Sensor-Based Sorting Revolutionizes Plastics Recycling

by | Jul 23, 2015

plastic bottled for recyclingAdvances in recycling technology have made it easier to recycle previously difficult to treat plastics so they can be used to produce recycled products or fuel waste-to-energy facilities. With the right legislation and equipment in place, automated sorting technology has made it possible to achieve purity levels as high as 99.9 percent, according to an article on the Waste Management World website.

Recycling companies have traditionally struggled when it comes to meeting the high purity levels demanded by customers for food grade recycled PET flakes. To address this challenge, Tomra Sorting has developed an Autosort flake sorter that combines a visible range spectrometer camera to detect color and non-transparent contaminants, a near infrared spectrometer to detect different polymer types and a metal sensor to detect ferrous and non-ferrous particles. The Autosort flake sorter is capable of identifying and sorting flakes as small as 2 mm.

The Autosort unit is capable of detecting and separating out white opaque PET bottles and PET trays. The Autosort unit can also be used to achieve 100 percent recycled content clear foils. After the Autosort separates out the case PE foils from the other in-feed material, the contamination is then targeted to remove all fines and improve the purity of the end fraction.

Tomra has developed another unit to separate food and non-food PE. The unit uses an extended wavelength scanner to detect the difference between and separate the homo (food) and co-polymer (non-food) material. It effectively separates two polymers within one polymer group. Purity rates on both end fractions of close to 100 percent are achievable.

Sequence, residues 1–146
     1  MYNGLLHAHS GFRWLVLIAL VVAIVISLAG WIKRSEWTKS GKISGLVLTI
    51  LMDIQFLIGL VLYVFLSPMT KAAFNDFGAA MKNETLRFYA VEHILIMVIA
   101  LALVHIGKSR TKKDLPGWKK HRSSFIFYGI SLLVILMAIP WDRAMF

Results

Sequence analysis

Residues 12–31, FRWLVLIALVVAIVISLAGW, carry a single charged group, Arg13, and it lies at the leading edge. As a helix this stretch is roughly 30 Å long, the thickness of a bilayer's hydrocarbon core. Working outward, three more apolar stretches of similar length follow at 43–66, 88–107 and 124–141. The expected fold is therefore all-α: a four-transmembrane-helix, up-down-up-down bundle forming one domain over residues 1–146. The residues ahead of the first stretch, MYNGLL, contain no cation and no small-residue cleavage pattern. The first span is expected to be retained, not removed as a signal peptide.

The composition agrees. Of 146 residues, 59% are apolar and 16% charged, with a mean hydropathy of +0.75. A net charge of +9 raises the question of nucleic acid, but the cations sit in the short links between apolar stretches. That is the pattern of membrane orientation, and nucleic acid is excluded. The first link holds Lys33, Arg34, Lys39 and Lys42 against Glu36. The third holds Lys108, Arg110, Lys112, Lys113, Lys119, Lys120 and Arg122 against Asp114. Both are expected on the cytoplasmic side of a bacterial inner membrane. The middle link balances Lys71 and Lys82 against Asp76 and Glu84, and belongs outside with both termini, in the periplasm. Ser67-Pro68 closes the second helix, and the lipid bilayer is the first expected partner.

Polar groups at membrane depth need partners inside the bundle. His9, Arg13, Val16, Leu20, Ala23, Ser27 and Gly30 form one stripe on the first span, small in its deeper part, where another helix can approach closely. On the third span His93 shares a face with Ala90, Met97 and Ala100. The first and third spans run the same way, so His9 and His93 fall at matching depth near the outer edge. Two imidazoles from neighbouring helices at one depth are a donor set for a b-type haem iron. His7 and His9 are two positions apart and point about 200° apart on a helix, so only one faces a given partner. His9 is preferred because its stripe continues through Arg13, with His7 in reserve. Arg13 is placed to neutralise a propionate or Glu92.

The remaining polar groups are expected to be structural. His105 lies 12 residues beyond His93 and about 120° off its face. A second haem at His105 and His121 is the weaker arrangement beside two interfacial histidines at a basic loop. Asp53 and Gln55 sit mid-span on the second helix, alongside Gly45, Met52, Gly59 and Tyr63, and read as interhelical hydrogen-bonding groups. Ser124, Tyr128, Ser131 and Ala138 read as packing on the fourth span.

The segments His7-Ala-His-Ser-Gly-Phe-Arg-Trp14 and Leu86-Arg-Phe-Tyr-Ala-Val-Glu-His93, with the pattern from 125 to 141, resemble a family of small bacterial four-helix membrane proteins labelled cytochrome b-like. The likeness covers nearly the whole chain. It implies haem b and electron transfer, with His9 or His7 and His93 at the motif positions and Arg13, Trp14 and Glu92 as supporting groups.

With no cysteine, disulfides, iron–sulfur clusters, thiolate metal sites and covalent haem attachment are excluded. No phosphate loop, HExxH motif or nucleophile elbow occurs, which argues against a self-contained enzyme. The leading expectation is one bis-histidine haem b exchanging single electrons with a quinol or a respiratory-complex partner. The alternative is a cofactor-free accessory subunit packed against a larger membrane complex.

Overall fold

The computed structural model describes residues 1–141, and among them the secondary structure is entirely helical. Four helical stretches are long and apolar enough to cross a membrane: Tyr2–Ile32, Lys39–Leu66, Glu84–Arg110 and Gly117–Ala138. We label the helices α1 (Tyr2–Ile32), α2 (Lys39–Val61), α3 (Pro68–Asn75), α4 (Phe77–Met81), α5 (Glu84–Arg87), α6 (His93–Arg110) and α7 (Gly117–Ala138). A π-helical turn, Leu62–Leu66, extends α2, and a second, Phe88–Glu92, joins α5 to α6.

Recovering plastics from waste electrical and electronic equipment (WEEE) is perhaps one of the most challenging plastics recycling applications. WEEE typically contains ferrous metals, non-ferrous metals including PCBs, plastics, glass, wood and other materials. Traditional sorting methods cannot hand pick the metal elements off a plastic backed circuit board or determine whether a piece of plastic contains flame-retardant; however, sensor-based sorting is capable of identifying and separating different types of plastics, which can then be transformed into reusable granules.

Axion Consulting is partnering with Tomra, Dow Chemical, Nestlé, Unilever and other global companies to improve the recyclability of flexible packaging.

Photo: plastic bottles to be recycled via Shutterstock. 

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